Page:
28 February 2009

I’m tryin’ here

Nature exhorts in this week’s editorial:

(R)esearchers would do well to blog more than they do.... there are societal debates that have much to gain from the uncensored voices of researchers. A good blogging website consumes much of the spare time of the one or several fully committed scientists that write and moderate it. But it can make a difference to the quality and integrity of public discussion.

I agree with the time sink comments, and sympathize with the thought that it impacts on the quality of discussion on science. This is one reason why, in the last 15 months or so, I’ve really tried to step up the level of writing in this blog, with more frequent and substantive posts.

On the other hand, Chris Mooney wrote of blogs in Slate:

The science blogosphere is, of course, booming—but... the blogs are unlikely to reach very many citizens who aren't already science lovers. And what would be the effect if the blogs did get to a wider audience? The semi-finalists in the recent “Best Science Blog” of 2008 contest were a site that questions the reality of global warming and PZ Myers’ Pharyngula—ground zero for a potent mix of pro-evolution advocacy and uncompromising criticism of religion.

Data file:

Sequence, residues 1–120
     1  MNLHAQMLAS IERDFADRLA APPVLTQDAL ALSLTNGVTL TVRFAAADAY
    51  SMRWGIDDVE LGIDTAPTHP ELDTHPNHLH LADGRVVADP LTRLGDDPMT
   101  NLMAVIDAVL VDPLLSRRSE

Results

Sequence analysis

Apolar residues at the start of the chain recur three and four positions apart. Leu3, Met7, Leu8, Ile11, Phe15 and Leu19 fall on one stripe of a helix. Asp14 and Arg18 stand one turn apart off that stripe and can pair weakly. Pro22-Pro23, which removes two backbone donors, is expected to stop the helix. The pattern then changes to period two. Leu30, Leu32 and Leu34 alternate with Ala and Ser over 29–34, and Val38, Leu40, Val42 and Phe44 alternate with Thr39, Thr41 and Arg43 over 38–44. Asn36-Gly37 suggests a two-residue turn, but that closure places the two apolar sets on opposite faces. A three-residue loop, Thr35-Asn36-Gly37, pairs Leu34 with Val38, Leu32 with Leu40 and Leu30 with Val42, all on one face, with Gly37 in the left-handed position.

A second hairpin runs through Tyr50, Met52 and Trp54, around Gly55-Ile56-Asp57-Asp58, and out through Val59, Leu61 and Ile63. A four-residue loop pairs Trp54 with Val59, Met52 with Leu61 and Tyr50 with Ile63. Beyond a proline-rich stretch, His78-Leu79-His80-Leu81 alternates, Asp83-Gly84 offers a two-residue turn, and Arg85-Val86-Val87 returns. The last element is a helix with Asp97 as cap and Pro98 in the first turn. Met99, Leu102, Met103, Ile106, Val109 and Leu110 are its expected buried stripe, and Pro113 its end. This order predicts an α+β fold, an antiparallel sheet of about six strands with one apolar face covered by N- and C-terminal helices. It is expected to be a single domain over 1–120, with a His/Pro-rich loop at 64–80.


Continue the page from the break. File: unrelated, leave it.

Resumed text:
I'm getting mixed signals here.

To head back to the Nature editorial, some comments can be found here. I think the biggest obstacle to scientists blogging is when colleagues say things like this (from commenter Michael Nestor):

We all need to get back to finding the cure for cancer instead of talking about finding it.

Translation: Waste of time. Go back to the lab. Get data. Build the better mousetrap and the world will beat a path to your door.

But I don’t think all science works that way. Nor should it.

The example is telling: “Cure cancer.” Yes, that’s a worthy goal, but it’s an extraordinarily unusual in the amount of public interest about it. What about all the other science? Is there a hint of, “If people don't care about your science, it’s your own fault for not choosing the right research questions?” Or am I being overly sensitive in detecting a little philistinism in such arguments?

If we’ve learned anything from 400 years of organized science (and it is the 400th anniversary of Galileo looking through a telescope, as good a place as any to mark the birth of science), we rarely know in advance what the right questions are.

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